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Unleashing the power of bioscience for human health

Unleashing the power of bioscience for human health

The 21st century is said to be the century of bioscience, with the promise of revolutionising human health. Every week we hear of dramatic discoveries in research labs, new genome links to disease, novel potential treatments for diseases like cancer and Alzheimer’s, nanotechnology applications to create miniature machines for inside the human body, and digital health tools to track the state of our health as we go about our lives. More than two million academic biomedical science papers pour out each year, over 14,000 patents are filed, and thousands of possible new drugs are studied – the statistics are impressive and rising, as governments and private industry invest more heavily in life sciences than any other field.

And yet only 30-40 new drugs are approved each year, each after more than ten years of effort and millions of dollars spent in clinical trials. Only a small handful of cell and gene therapies reach patients, despite more than two decades of investment in these powerful new regenerative medicine modalities. Worse still, many of the new treatments that manage to penetrate the market reach only a small fraction of patients who could benefit. In reality, digital health fails to deliver the promised revolution in how we manage and monitor our health. The question that needs to be asked is what’s going on?

If we compare the changes in human health to information technology, the contrast is dramatic. On the basis of a few advances in basic electronics, many of which are 20 years old – and their steady miniaturisation – we have new generations of powerful devices and applications every year. Smart phones, tens of thousands of new apps, exciting advances in artificial intelligence, and the Internet of Things all around us – we see the ultra-fast translation of technology into useful products and services. In fact, they seem often to arrive faster than we can track and adopt them. So why is this speed of new innovation not visible in bioscience?

So why is this speed of new innovation not visible in bioscience? 

Most of our new science is getting ‘lost in translation’. Consensus over who is to blame is lacking, with criticism falling on the industry, regulators, over-conservative doctors, and stingy health systems. They are blamed for the growing innovation gap – the gap between what science now makes possible and what actually results in patient benefit and creates new models of care. Like many human diseases of course, this disease of the system, this gap in translation could be said to be “multi-genic”, with many causes and no easy simple answers.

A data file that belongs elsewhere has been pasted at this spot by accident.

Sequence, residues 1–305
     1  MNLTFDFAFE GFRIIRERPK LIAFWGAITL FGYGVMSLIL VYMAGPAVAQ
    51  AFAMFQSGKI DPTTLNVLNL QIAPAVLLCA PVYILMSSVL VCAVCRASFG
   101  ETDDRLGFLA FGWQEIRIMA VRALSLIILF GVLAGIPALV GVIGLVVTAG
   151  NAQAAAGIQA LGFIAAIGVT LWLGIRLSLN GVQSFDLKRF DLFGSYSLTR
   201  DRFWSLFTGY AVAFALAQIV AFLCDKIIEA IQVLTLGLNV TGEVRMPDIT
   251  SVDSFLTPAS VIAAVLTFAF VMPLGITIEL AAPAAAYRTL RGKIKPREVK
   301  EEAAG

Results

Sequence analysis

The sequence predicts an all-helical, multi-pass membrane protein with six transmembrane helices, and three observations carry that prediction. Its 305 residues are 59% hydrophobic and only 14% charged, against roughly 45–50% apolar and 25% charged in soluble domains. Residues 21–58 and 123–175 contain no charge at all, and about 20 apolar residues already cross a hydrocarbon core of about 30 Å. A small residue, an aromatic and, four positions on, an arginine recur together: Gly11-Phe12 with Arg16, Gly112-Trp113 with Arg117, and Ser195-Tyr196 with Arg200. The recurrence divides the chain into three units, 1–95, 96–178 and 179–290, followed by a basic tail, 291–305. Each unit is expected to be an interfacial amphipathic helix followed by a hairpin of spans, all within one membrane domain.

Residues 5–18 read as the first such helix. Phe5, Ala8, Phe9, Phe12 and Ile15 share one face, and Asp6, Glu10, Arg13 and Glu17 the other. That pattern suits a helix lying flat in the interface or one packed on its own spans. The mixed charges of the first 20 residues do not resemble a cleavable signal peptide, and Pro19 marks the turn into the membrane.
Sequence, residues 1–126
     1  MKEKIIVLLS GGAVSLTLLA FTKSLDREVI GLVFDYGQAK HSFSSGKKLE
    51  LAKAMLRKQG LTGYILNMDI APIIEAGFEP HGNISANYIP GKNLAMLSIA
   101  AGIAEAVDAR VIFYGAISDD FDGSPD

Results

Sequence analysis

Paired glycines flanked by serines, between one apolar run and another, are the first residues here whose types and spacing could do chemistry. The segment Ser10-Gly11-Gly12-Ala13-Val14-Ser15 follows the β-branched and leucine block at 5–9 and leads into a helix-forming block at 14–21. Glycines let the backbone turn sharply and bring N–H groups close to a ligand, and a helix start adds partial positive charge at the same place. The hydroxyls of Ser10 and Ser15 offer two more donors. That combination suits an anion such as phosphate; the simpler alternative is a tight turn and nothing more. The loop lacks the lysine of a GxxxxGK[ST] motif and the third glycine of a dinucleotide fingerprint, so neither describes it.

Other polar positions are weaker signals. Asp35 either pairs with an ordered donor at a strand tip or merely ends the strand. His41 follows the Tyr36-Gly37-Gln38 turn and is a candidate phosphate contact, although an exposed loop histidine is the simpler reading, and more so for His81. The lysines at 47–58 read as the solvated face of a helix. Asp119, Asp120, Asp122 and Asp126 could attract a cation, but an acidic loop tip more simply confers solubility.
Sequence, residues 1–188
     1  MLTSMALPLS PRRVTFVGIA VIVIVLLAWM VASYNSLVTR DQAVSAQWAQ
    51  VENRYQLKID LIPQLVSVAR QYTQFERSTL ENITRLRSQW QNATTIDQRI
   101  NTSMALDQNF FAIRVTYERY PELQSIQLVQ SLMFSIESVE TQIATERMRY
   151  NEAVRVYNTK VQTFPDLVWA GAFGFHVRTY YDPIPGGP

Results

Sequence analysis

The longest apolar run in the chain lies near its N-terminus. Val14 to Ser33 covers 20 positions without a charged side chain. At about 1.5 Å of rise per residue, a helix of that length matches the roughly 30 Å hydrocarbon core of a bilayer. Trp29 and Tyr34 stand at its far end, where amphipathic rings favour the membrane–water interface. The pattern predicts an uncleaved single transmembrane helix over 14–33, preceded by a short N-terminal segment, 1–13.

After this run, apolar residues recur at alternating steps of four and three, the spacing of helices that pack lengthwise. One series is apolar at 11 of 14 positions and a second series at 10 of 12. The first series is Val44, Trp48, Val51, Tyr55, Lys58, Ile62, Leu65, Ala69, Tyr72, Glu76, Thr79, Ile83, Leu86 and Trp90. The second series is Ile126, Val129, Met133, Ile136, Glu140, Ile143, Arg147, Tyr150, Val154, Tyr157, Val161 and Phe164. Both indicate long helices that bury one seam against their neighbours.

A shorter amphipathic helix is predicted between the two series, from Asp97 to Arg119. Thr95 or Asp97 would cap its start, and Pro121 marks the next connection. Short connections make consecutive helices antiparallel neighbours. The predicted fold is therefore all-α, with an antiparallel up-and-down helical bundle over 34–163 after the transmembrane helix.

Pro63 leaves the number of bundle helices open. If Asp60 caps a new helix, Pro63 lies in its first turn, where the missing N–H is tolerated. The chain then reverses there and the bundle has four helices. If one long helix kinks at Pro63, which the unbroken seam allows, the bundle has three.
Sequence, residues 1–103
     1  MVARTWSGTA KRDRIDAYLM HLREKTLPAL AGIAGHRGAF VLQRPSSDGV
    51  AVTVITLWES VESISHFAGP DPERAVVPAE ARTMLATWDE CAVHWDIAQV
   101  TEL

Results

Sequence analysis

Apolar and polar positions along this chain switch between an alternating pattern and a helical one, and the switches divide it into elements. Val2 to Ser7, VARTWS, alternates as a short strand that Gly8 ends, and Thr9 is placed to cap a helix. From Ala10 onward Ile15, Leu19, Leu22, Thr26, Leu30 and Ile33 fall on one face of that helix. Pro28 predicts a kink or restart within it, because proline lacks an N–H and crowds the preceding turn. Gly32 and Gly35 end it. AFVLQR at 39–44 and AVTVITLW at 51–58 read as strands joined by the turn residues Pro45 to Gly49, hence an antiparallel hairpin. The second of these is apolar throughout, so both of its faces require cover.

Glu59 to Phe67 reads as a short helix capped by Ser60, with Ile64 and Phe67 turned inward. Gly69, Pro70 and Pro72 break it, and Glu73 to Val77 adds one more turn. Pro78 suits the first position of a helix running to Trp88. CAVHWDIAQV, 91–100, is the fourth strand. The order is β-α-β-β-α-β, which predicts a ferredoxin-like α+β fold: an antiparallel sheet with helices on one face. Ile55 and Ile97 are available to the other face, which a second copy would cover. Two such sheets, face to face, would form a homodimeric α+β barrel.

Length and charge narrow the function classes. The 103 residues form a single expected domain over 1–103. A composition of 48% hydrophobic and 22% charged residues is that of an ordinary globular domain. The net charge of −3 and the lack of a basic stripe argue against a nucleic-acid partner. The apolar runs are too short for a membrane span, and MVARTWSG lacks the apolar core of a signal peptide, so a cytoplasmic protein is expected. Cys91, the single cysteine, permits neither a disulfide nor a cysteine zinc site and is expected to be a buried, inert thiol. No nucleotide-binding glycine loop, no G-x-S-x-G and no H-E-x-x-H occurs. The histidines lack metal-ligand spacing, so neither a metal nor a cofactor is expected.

An overhaul of the innovation system for life sciences seems called for. Indeed, worried governments, challenged by ever more activist patients seeking cures for their diseases, are launching dramatic-sounding initiatives like ‘21st Century Cures’ in the United States or the ‘Accelerated Access Review’ in the United Kingdom. Can these initiatives make the crucial difference, close the innovation gap, and bring the life-changing products that patients need more quickly, affordably, and reliably, to transform our health systems? Only time will tell, and the fact remains that government motivation for such initiatives is not only to improve the health of their populations, but also to generate economic growth and to secure better returns for their rising spend in bioscience.

In order to effectively tackle this problem and unleash the power of bioscience for healthy human lifespan, we must look beyond simplistic remedies and understand the major factors in poor translation:

  1. How basic bioscience is focused (or not) on human disease
  2. The translation of scientific breakthroughs into potential new products
  3. Approval for use and reimbursement of new products
  4. Practical adoption by doctors and patients of new products
  5. How we learn from practical real-world use to shape the future R&D agenda

All of these five gaps can stymie life science innovation and so result in poor returns for government and company investment.

…there is a golden thread that runs through most of the solutions needed to address this failure in translation: Precision Medicine. 

I believe there is a golden thread that runs through most of the solutions needed to address this failure in translation: Precision Medicine. We are learning how the molecular basis of disease can help us find more targeted treatments and then match them to those patients most likely to benefit, making new therapies less costly to trial, more likely to be successfully licensed, more affordably reimbursed, and more readily adopted.

Currently there is a lot of talk about longevity: can we increase the human lifespan? At the moment, however, it is unhealthy longevity that risks bankrupting our health systems. Diseases that strike in the second half of our lives, often several at a time, with the consequent cost in human and economic terms. Precision Medicine holds the promise of reshaping our innovation ecosystem so we can target our limited resources to maximise healthy human lifespan – which should surely be the goal of every health system on the planet.

Featured image credit: Life by Huy Phan. CC0 public domain via Unsplash.

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